Former Baltimore County schools superintendent Dance scheduled for Aug. 27 release from jail

Liz Bowie
Contact ReporterThe Baltimore Sun

Former Baltimore County schools Superintendent Dallas Dance is scheduled to be released from a Virginia jail on Aug. 27, after serving four months of his six-month sentence.

Dance was convicted of four counts of perjury and sentenced April 20 in Baltimore County Circuit Court. Judge Kathleen G. Cox agreed to allow Dance to serve his sentence in Henrico County, near Richmond, after his attorneys requested the transfer. Dance moved back to the Richmond area, where his son and parents live, shortly after he left his superintendent job last summer.

Cox also said Dance would be eligible for work release.

Inmates commonly don’t serve their entire sentence, receiving credits for things such as good conduct or work detail assignments. Dance’s scheduled release date of Aug. 27 was calculated using Maryland guidelines, Henrico County Sheriff Michael Wade said.

Under Maryland guidelines, Dance must serve a minimum of 25 percent of his sentence, according to Gerald Shields, a spokesman for the Maryland Department of Public Safety and Correctional Services. If Dance serves four months, he would be serving 66 percent of his sentence.

In an interview with The Sun, Wade shared details of Dance’s incarceration and his work-release assignment.

Dance is living with about 50 other inmates in a barracks-style center for inmates in the work-release program. Although part of the jail complex, the center is separated from the regular jail.

Wade said inmates on work release can drive themselves to and from work in their private car.

Dance is working as a program developer at the Capital Area Health Network from 8 a.m. to 5 p.m. Monday through Friday, Wade said. Capital Area Health Network is a nonprofit with six centers in the Richmond area that provide health care to residents in underserved communities, according to its website.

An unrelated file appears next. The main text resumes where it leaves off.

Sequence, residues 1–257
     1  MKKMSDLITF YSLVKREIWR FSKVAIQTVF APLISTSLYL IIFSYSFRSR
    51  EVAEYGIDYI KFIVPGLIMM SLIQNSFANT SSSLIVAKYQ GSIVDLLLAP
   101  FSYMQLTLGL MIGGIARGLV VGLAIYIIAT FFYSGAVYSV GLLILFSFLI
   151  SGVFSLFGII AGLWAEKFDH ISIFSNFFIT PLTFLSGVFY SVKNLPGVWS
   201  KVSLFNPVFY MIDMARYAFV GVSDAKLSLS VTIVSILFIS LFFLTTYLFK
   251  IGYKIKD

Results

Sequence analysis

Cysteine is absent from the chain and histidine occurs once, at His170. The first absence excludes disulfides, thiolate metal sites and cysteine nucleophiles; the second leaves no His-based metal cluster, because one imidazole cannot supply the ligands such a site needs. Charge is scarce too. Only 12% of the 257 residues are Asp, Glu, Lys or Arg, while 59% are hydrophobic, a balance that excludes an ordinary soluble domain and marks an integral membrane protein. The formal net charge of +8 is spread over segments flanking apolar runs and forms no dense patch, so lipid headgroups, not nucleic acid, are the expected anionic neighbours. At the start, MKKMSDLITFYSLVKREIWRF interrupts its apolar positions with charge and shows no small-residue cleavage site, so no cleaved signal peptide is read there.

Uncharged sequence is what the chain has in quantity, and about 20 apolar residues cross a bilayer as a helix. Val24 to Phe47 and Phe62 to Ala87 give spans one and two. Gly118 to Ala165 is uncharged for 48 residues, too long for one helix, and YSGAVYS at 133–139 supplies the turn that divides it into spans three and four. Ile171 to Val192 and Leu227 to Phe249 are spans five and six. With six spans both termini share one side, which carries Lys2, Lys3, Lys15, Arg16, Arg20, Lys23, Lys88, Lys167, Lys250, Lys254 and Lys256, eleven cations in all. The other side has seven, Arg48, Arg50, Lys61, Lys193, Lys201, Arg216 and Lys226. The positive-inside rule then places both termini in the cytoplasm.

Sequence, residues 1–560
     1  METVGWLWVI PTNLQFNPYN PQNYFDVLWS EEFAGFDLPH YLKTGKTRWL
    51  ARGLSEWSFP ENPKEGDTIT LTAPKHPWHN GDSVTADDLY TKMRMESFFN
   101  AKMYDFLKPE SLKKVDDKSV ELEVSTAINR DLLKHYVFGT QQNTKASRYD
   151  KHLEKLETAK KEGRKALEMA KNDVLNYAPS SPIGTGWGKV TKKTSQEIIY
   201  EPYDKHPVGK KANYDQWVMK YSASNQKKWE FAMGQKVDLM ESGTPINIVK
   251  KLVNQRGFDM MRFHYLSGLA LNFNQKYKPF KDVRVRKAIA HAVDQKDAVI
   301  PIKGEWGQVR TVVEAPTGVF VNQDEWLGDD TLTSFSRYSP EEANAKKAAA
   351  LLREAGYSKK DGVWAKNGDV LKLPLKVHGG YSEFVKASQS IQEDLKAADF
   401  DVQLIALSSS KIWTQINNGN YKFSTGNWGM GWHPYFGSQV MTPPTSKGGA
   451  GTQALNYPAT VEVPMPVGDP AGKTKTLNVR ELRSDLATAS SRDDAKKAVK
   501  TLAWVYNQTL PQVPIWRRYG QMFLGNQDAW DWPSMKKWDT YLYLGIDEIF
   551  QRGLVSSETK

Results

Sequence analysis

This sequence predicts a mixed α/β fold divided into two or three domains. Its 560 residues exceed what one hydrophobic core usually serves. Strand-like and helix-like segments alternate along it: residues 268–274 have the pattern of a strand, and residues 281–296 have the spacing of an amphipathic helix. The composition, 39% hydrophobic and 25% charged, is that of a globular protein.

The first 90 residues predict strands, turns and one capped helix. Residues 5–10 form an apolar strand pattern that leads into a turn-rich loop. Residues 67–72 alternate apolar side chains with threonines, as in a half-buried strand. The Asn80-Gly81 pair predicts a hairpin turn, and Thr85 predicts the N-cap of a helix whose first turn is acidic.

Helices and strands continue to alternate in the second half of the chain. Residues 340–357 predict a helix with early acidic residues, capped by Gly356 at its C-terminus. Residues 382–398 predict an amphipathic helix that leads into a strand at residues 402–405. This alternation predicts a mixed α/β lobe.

The nonprofit did not respond to a request for details about Dance’s position.

Dance is allowed to carry his cellphone when he is at work, but it is stored in a locker when he is in jail.

Wade said Dance “wears a GPS bracelet all the time,” which allows the sheriff’s department to keep track of where he is.

Wade said inmates on work release are not allowed to receive visitors at the jail because of difficulties the jail had in controlling the flow of drugs into its regular population.

But Dance, like other work release inmates, is allowed to meet his family at a local restaurant for an hour one day a week, Wade said.

Wade said he is very strict about that provision. He said one inmate recently stayed in his car in the parking lot of a restaurant instead of going into the restaurant and lost his privilege to do work release.

Of Dance, Wade said he has had “no problems whatsoever with him.”

Dance pleaded guilty in March to perjury for failing to disclose to the public and school board that he had earned $147,000 in consulting jobs he had while he was superintendent.

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